The Caterpillar’s Gift
Johnny had trouble speaking, making very short sentences, even words. Three syllable words were a challenge. He was often frustrated by seeing the ease with which other children his age could make their needs known to adults. And he saw this all day, every day. Johnny had the same wants and needs that the other children had long since put into words. Inside, he was like them. On the outside, and to others, he wasn’t.
Johnny knew that the teachers in his preschool cared for him, and that they tried to understand and help him as much as they could. But even their kindness couldn’t erase his dilemma. His frustration didn’t help anything, but he couldn’t help expressing it. Outbursts were common — indoors.
Outdoors, his behaviors in the school’s Nature Explore Classroom were very different. Outdoors, as indoors, he still avoided contact with peers and teachers when possible. Yet the freedom to run around and to choose his own activities allowed him respite from his frustrations. He often felt happy and relaxed outdoors, exploring as he saw fit, connecting with others occasionally, and only on his own terms.
One day, he watched from a distance as other children surrounded a small plant, observing something intently. Johnny couldn’t see what they saw, and didn’t want to risk an outburst by entering the group. So he stayed where he was, and continued to watch them.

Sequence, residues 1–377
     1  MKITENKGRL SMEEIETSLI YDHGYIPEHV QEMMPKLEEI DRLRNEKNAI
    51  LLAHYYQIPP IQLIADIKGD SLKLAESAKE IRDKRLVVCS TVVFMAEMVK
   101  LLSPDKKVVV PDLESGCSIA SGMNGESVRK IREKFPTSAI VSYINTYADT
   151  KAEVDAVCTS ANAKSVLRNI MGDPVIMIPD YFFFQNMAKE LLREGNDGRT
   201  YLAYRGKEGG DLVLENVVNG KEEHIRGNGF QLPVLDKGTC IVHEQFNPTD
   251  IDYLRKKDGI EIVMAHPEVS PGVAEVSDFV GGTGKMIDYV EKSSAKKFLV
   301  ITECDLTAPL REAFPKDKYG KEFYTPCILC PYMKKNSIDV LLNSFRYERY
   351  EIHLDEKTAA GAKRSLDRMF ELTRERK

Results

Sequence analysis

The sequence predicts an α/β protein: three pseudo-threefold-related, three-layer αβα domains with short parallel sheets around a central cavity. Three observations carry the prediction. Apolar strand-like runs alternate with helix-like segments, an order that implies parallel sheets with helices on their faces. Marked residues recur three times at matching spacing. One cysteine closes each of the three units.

When they left, he moved in. hey had been watching a small caterpillar inch its way up and down a plant. Johnny, like the other children, found the caterpillar’s slow progress along the stem very interesting. Transfixed, he watched its journey for a good four minutes.
Yet he wanted to experience the caterpillar’s movement more closely. He ran to get a magnifying glass, and again, spent many minutes watching the show.
Teachers, who he often avoided, were nearby. But this time he had something to share with them. By using the magnifying glass he had discovered great details about the caterpillar and its journey, details that he alone had experienced. This close observation was his discovery: he owned it. He now had something to share that didn’t need words. Now he was just like the other children when they wanted to share their discoveries.
He sought out a teacher, brought her to his caterpillar, and shared his experience with her. “In that situation he didn’t have to use any words, and that gave him a platform to invite a staff person into his world and share that moment of nature. He was so thrilled,” said his teacher.
No words were necessary.
But Johnny found one.
“Cat-er-pill-ar,” he said. “Cat-er-pill-ar!”